Legionnaires' outbreak could have been prevented: coroner
Lawyer for victims' families says report doesn't properly address how badly crisis was handled
The lawyer representing the families of 10 of 14 victims who died from an outbreak of legionaires' disease in Quebec City in 2012 says he’s satisfied with the recommendations made in a coroner’s report released today looking into the crisis.
However, lawyer Jean-Pierre Ménard said the report doesn’t go far enough into how badly the crisis was handled.
Approximately 200 cases of legionnaires’ disease — a severe form of pneumonia — were reported in the summer of 2012 in Quebec City.
Fourteen people eventually died from the outbreak.
Ménard said the deaths could have been avoided had rules and regulations been put in place following past outbreaks.
Quebec City mayor Régis Labeaume suggested as much in August 2012. He said then that it was government indifference toward a 1997 report that followed Quebec City’s previous legionnaires’ outbreak that was responsible for the 2012 deaths.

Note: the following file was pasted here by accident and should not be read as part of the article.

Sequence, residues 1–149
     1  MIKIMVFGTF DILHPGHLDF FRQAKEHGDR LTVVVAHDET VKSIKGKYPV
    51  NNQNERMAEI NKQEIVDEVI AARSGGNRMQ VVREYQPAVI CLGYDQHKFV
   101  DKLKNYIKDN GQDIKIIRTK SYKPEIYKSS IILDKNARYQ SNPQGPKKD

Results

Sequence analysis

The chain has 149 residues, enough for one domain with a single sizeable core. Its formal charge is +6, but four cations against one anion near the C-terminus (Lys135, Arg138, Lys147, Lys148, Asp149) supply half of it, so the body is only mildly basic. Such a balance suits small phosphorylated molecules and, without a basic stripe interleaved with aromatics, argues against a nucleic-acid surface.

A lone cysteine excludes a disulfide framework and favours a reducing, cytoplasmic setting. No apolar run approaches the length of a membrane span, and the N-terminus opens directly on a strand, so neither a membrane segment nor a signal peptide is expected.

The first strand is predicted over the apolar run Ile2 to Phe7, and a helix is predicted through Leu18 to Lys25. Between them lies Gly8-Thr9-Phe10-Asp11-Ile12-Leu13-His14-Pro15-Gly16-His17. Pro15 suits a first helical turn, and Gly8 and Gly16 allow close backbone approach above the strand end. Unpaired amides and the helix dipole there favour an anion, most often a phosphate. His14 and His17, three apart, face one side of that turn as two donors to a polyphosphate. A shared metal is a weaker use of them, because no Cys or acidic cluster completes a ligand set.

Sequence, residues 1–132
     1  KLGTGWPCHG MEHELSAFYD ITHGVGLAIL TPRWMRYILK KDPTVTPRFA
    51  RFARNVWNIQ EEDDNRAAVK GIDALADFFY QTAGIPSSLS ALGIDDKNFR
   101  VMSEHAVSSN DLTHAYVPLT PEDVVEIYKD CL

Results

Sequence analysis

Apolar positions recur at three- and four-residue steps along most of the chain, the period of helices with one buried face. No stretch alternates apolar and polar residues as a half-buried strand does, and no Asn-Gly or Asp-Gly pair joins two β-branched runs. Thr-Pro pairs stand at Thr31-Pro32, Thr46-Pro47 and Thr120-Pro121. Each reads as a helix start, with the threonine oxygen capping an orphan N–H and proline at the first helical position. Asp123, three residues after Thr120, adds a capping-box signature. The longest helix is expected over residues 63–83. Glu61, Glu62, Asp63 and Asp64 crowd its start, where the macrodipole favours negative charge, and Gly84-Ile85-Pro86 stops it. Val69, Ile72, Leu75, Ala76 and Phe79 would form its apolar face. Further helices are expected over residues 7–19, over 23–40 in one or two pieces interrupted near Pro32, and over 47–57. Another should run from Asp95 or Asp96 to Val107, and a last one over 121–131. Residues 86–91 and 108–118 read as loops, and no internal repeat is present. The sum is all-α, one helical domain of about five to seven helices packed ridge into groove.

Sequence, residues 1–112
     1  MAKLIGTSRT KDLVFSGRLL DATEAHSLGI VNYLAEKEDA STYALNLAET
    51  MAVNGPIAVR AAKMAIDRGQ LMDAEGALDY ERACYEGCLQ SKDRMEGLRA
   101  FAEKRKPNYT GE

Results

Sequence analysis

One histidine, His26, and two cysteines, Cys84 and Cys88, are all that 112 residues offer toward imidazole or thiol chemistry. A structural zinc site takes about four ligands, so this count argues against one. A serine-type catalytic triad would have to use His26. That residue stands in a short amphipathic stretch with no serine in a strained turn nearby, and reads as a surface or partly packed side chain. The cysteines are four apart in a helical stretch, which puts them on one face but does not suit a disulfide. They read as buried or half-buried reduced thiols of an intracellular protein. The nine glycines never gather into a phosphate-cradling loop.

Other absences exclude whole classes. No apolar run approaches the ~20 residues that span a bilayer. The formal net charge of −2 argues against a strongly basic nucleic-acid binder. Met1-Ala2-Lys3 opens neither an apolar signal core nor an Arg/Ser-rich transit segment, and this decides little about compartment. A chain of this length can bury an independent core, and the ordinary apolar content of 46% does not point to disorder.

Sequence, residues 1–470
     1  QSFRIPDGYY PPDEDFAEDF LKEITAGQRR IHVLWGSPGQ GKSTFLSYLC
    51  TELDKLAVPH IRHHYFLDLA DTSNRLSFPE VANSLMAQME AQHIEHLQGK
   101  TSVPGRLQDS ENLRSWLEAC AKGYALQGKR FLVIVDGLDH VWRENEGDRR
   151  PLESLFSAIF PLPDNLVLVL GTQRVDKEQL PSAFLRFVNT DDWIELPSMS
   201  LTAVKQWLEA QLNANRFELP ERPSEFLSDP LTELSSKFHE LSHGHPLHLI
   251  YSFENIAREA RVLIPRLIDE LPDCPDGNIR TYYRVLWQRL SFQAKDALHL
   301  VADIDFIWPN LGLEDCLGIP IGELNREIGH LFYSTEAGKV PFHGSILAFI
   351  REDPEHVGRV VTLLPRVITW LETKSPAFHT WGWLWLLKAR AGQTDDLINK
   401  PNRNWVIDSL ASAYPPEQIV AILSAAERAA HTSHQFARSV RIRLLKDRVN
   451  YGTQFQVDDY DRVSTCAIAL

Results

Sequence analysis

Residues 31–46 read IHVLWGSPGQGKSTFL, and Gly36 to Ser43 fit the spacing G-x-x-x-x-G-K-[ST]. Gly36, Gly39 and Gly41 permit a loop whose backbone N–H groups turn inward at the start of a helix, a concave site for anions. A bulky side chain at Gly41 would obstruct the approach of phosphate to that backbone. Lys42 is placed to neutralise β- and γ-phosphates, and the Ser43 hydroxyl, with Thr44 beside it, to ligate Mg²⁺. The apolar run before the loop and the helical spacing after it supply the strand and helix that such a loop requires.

“Since 1997, nothing has been done to fix this situation,” Labeaume said in August 2012.
The 1997 report recommended the province create a registry of buildings that use cooling towers in their ventilation systems, so that an outbreak could be more quickly isolated.
It also recommended tougher regulations for inspecting and maintaining the towers, which are typically installed on rooftops.
The 2013 coroner’s report lamented the lack of a cooling towers registry.
“Despite outbreaks of legionellosis that occurred in the past, adequate controls were not in place and the public health authorities in Quebec did not have the necessary tools to effectively manage the crisis,” the coroner said in the report.
The 2012 legionnaires’ outbreak originated in a cooling tower in the Quebec City neighbourhood of St-Roch.